Socrates was a Greek philosopher in BC years. He has been credited as one of the people who started western philosophy. Socrates is known to have come up with philosophies that do not completely make sense to humans. In fact, he they are sometimes seen as conflicting or a sign that he did not have enough backups for his philosophical claims because he seemed to have more questions than answers regarding certain aspects of life. This article therefore analyzes some of Socrates philosophies and beliefs and how different or same they are from those of other philosophers.
Socrates and Pericles
Socrates did not agree with democracy. He was against the philosophies of democracy that allowed the majority to make decisions, despite how ignorant they may have been regarding the facts upon which they were making decisions. This privilege, according to him, should have been reserved for those who were educated, however few they may be, because they had better chances of making more sound decisions. This therefore means that, according to him, the democratic system is flawed; being that it gives privileges to the undeserving. A democratic government is less likely to do well because it is based on ideas of illiterate and uninformed masses (Airde, 20). He was of the opinion that Pericles did not understand the dangers posed by democracy; that he just liked the fact that at public forums he would get to argue with all sorts of people, whether illiterate or educated, rich or poor. He said that the reason he had withdrawn from politics was because he had come to a realization that a person cannot successfully fight for justice in a democratic place. This person most probably will end up being killed. He said decisions made by a few people are likely to be more positive and developmental than those made by majority.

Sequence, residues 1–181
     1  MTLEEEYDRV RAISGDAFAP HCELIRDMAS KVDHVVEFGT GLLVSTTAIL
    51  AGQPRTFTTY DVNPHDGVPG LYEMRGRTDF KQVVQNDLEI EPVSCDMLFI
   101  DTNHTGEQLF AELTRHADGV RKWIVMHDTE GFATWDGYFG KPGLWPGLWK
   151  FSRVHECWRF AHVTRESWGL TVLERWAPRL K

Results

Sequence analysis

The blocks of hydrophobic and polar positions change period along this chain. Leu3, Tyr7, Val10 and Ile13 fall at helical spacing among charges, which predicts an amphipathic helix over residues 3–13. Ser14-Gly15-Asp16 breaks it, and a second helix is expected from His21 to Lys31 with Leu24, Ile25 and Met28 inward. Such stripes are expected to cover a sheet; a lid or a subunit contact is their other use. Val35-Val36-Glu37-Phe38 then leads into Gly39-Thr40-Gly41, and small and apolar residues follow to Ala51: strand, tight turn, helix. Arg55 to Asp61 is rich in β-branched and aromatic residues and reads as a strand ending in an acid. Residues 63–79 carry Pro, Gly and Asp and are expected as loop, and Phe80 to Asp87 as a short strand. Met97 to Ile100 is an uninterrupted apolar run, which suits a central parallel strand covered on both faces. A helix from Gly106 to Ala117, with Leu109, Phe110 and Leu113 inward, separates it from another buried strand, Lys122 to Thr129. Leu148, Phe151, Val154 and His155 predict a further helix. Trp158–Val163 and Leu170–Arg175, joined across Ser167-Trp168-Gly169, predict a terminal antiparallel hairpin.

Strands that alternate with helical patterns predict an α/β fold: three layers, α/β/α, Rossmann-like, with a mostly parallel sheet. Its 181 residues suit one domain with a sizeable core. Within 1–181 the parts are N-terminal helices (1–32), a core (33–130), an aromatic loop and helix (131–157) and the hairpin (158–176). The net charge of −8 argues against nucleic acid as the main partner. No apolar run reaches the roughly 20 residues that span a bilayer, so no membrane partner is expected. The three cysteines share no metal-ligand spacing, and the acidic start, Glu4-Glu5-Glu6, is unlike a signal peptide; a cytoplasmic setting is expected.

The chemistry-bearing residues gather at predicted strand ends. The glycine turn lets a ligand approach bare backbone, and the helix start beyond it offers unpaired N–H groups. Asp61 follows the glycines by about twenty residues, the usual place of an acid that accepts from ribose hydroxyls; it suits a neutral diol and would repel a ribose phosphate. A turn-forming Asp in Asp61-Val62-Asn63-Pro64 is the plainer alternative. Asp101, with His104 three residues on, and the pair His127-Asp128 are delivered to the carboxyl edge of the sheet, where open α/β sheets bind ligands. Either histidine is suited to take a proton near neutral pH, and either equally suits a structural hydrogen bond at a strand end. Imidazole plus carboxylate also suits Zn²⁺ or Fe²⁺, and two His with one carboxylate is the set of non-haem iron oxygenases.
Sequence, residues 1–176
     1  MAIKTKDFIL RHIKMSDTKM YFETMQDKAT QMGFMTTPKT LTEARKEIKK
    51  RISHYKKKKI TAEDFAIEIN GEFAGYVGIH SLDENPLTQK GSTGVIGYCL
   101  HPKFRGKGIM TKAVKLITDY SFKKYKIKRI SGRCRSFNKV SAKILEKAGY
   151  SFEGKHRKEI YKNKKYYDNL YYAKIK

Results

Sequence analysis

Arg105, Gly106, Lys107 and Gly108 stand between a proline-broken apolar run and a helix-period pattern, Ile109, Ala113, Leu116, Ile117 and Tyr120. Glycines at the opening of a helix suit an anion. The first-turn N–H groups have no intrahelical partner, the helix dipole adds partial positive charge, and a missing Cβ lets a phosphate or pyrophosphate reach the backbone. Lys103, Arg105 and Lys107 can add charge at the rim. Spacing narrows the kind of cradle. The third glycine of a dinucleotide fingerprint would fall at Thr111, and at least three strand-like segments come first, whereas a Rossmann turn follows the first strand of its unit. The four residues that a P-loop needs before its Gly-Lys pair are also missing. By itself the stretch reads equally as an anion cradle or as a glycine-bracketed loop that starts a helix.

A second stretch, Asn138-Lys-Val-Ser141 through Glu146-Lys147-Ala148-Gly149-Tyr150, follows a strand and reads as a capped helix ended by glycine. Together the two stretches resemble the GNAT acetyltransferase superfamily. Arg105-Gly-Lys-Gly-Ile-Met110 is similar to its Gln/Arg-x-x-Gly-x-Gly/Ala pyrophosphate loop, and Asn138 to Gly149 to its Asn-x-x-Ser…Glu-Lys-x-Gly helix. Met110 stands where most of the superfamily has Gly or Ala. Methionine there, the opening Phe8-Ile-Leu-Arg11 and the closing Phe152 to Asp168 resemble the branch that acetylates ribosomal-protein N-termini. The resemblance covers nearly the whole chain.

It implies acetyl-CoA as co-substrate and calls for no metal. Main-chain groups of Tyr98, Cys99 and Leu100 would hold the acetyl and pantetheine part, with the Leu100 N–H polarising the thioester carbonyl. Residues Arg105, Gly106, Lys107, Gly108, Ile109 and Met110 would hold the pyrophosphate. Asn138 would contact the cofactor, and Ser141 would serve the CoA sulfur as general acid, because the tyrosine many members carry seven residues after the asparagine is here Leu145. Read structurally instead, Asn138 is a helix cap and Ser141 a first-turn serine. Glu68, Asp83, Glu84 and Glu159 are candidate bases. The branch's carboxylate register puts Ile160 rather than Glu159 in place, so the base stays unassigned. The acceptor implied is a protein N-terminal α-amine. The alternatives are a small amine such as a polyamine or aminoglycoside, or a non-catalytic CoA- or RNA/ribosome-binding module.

His sentiments were strongly opposed by Pericles, who was a strong advocator for democracy. Pericles was of the opinion that democracy allows for even better decision making because it involves the exchange of ideas among a vast group of people. He said that Socrates had strongly opposed democracy by simply using opinions and not facts, and even then, these opinions of his did not refute the advantages that Pericles had stated about democracy. In the present day, the only available evidence about Socrates and his take on democracy are found in the writings of Plato, where Socrates allegedly had conversations with other residents of Athens, and they agreed with his opinions. Nowhere do we find any evidence of a government or a unit that has been brought down as a result of democracy that led to the making of bad decisions by the illiterate majority. Therefore, the notions put forward by Socrates, according to Pericles, do not hold water in the current world, since there is no proof of their perceived existence.
The two philosophers also conflicted on their opinions about the people of Athens at that time. He liked the idea that state people would be praised abundantly during their funerals. He praised the orators for having the ability to heap praises on the dead in a manner that was believable to the people who would have attended the funerals. According to him, these orators should have the ability of pleasing friends and strangers to the dead in equal measures. This is especially difficult because, while the friends and family will be very happy to hear good things said about their kin, strangers will have a hard time believing that all the good traits could actually be truly attributed to one person.
Crito and Socrates
Crito came in to give Socrates the opportunity to escape death b execution. According to him, Socrates should not have been persecuted for his opinions, and that his escape would have served as an embarrassment to those who had detained and tried him. In a bid to convince Socrates to follow through with the execution plans, Crito reminded Socrates that he had a family and children who depended on him, and that if he chose to die through this means, he would be leaving his children to face the unfortunate fate of other orphaned children. If Socrates died by prosecution, it would mean, according to Crito, that Socrates was siding with those who were persecuting him.